Has Europe learned the lessons of Srebrenica?

DISCLAIMER: All opinions in this column reflect the views of the author(s), not of EURACTIV Media network.

The Memorial Center in Potocari near Srebrenica. Bosnia and Herzegovina, June 2015. [European Commission]

Twenty-five years on, what exactly has Europe learned from the Srebrenica genocide in Bosnia-Herzegovina? Not enough, and no one is taking the responsibility to prevent it from happening again, writes Emir Suljagic.

Dr Emir Suljagic, Director of the Srebrenica Memorial Centre, Potocari

Much can change in twenty-five years. When we imagine ourselves in 1995, would we have imagined the speed of life, the technological dominance, and the global health catastrophes of modern-day living?

For Bosnians, we imagined a better, kinder future, where the leaders of tomorrow would have learned from the painful lessons of our recent past. But in that respect, change has not been as rapid as we hoped.

It is twenty-five years since the signing of the Dayton Accord – the international agreement that ended the war in Bosnia.

It comes four months after the twenty-fifth anniversary of the Srebrenica genocide. As director of the Srebrenica Memorial Centre, I have used this time to reflect on the legacy of that agreement, and the lessons we can draw from it, all these years on.

The first is this – it is not possible to reason with evil. Nor is it enough to tackle genocidal ideology with military force. The most important thing you can do – that any of us can do – is to discredit it at a political level.  Europe is, on the whole, resolutely failing to achieve this.

We can see this in the rise of extremist ideology throughout Europe.

Why does neo-Nazism exist and continue to thrive in 2020? Not only are European leaders failing to dampen the flames of neo-Naziism, but it is growing as a movement, seventy-five years after the horrors of the Holocaust.

The same pattern continues to exist on Bosnia, where hate speech and actions have continued to stain our communities since the end of the Bosnian genocide in 1995.

The second is that it is impossible for modern life to co-exist safely with such dangerous ideologies. The idea that we can build any meaningful future while such hatred persists is preposterous. And yet, European leaders right now, at this moment, are trying to do so – at best, ignoring it; at worst, accommodating and stoking it.

The third lesson is that experiences from the atrocities of the past are too easily forgotten. Many 25-year olds across Europe have never heard the word ‘Srebrenica’, let alone understood the gravity of the event.  That is why it is critical to ensure that acts genocide and other crimes against humanity are remembered.

Institutions like the Srebrenica Memorial Centre are monuments dedicated to the dead, but they must remain living institutions.

Srebrenica must not become an element of Bosnian memory alone, but a defining element of European history, taught to all young people – particularly young Muslims.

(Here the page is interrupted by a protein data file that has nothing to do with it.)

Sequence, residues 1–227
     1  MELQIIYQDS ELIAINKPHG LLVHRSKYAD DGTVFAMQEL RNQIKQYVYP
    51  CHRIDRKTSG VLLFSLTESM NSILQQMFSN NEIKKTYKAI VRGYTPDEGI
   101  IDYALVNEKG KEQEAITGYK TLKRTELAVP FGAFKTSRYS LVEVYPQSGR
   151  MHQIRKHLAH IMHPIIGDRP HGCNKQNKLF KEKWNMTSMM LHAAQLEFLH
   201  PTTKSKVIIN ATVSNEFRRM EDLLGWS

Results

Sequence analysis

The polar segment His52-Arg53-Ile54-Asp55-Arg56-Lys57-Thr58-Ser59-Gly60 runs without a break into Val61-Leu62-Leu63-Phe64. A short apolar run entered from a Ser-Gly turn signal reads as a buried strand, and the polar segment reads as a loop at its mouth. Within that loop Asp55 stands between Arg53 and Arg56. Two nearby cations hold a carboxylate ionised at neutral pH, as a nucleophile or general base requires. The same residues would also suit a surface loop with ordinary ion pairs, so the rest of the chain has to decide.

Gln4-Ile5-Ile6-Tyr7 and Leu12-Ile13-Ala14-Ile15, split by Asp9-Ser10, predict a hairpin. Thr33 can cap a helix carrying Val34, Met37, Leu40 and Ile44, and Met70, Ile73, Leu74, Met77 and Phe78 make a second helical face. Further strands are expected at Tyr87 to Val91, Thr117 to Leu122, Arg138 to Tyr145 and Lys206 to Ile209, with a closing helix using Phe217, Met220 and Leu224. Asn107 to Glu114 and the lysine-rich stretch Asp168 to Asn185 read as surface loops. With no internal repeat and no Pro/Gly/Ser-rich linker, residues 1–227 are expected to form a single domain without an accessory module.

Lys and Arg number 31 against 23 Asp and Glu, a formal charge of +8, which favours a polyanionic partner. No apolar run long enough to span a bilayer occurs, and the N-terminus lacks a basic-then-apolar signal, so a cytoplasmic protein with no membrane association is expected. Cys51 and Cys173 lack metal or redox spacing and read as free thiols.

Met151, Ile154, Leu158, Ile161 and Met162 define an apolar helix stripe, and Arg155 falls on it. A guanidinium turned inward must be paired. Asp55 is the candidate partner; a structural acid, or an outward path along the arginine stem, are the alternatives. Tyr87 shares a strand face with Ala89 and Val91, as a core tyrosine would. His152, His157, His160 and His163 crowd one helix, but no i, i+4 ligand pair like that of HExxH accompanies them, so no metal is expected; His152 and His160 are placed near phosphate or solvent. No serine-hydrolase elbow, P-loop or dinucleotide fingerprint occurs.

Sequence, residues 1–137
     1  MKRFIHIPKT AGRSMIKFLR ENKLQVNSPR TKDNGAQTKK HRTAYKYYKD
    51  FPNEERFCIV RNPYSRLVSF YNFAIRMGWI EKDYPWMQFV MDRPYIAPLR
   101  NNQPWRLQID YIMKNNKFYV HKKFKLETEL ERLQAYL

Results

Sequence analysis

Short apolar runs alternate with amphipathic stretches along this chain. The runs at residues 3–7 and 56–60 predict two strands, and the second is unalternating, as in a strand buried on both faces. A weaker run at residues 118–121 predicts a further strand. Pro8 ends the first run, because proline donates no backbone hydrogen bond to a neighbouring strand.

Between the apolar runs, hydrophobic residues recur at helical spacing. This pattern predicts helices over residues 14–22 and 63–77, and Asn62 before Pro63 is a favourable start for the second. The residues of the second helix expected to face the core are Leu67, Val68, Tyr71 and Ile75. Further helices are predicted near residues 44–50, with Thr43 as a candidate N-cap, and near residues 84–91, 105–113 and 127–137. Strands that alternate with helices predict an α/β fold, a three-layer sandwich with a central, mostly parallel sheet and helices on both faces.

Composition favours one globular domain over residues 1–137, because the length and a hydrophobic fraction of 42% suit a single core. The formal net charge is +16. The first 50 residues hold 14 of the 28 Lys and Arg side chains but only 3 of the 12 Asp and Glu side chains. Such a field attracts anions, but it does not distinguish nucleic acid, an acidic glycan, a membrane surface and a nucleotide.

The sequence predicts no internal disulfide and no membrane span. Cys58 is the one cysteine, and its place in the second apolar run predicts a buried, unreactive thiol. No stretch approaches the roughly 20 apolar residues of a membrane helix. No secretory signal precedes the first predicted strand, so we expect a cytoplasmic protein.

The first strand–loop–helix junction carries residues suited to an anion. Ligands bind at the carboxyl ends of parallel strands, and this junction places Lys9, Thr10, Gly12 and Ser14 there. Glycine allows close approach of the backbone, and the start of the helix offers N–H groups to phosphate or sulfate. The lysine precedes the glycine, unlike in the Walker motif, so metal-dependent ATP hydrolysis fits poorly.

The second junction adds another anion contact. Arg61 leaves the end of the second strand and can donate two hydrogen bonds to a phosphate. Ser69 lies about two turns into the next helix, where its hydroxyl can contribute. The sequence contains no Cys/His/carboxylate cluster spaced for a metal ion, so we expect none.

We were killed for one thing that we couldn’t change about ourselves: for the names that our parents gave us; for who our parents were; for what was imposed on us the moment we were born.

For that reason, it is my mission to record and publish as many testimonies from the survivors and witnesses of Srebrenica as possible, to preserve every single story. Piecing together this narrative is critical to the understanding of why this happened, and why it must never happen again.

When faced with catastrophe, all leaders have a responsibility to act. The most important lesson from Srebrenica is this: for responsible leaders to prevent such horrors, they must act immediately.

Genocides do not happen overnight. People then, as now, were facing untold difficulties in living their day-to-day lives, facing the reality of being discriminated against, being placed outside the ambit of the law, being politically persecuted, and facing intolerable racist abuse.

These are the early indicators, very reliable indicators, of mass catastrophes, months, even years before they begin to unfold.

The sooner there is action to prevent mass atrocities, the better the outcomes. The number of victims in Bosnia would have been significantly lower, had the international community decided to act in, say, in September 1992, instead of September 1995. Those three years allowed for crimes against humanity, for persecution, and for murder to evolve into a full-blown genocide.

Dayton allowed us to stop the terrors unfolding in Bosnia, but it has not prevented the steady increase of discrimination, hate speech, rejection and criminalisation of groups across our continent. It is time for the leaders of Europe to take meaningful, coordinated action to prevent the slow creep of increasing racism.

Genocide is not a thing of the past. It has happened – in Europe – in our living memory. And no one is taking the responsibility to prevent it from happening again.

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